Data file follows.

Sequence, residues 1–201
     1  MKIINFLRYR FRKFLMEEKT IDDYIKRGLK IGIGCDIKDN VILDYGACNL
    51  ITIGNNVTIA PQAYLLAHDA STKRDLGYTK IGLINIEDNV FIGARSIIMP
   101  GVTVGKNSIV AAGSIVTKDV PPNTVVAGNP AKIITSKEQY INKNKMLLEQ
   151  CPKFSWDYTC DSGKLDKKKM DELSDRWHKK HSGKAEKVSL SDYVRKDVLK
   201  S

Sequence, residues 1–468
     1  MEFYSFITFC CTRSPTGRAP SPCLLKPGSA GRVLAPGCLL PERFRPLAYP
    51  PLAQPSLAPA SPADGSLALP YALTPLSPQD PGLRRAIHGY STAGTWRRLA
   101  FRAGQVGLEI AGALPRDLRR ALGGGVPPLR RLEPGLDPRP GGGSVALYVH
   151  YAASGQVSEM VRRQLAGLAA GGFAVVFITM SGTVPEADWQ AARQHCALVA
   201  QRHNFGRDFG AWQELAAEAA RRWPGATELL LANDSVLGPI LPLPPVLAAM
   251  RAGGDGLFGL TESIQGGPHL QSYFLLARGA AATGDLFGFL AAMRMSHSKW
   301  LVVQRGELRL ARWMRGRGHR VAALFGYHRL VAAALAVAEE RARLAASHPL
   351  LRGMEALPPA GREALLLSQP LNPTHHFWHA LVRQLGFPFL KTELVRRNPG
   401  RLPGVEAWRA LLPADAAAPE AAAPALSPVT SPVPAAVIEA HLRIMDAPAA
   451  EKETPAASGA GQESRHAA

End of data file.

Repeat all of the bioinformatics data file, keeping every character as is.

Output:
Sequence, residues 1–201
     1  MKIINFLRYR FRKFLMEEKT IDDYIKRGLK IGIGCDIKDN VILDYGACNL
    51  ITIGNNVTIA PQAYLLAHDA STKRDLGYTK IGLINIEDNV FIGARSIIMP
   101  GVTVGKNSIV AAGSIVTKDV PPNTVVAGNP AKIITSKEQY INKNKMLLEQ
   151  CPKFSWDYTC DSGKLDKKKM DELSDRWHKK HSGKAEKVSL SDYVRKDVLK
   201  S

Sequence, residues 1–468
     1  MEFYSFITFC CTRSPTGRAP SPCLLKPGSA GRVLAPGCLL PERFRPLAYP
    51  PLAQPSLAPA SPADGSLALP YALTPLSPQD PGLRRAIHGY STAGTWRRLA
   101  FRAGQVGLEI AGALPRDLRR ALGGGVPPLR RLEPGLDPRP GGGSVALYVH
   151  YAASGQVSEM VRRQLAGLAA GGFAVVFITM SGTVPEADWQ AARQHCALVA
   201  QRHNFGRDFG AWQELAAEAA RRWPGATELL LANDSVLGPI LPLPPVLAAM
   251  RAGGDGLFGL TESIQGGPHL QSYFLLARGA AATGDLFGFL AAMRMSHSKW
   301  LVVQRGELRL ARWMRGRGHR VAALFGYHRL VAAALAVAEE RARLAASHPL
   351  LRGMEALPPA GREALLLSQP LNPTHHFWHA LVRQLGFPFL KTELVRRNPG
   401  RLPGVEAWRA LLPADAAAPE AAAPALSPVT SPVPAAVIEA HLRIMDAPAA
   451  EKETPAASGA GQESRHAA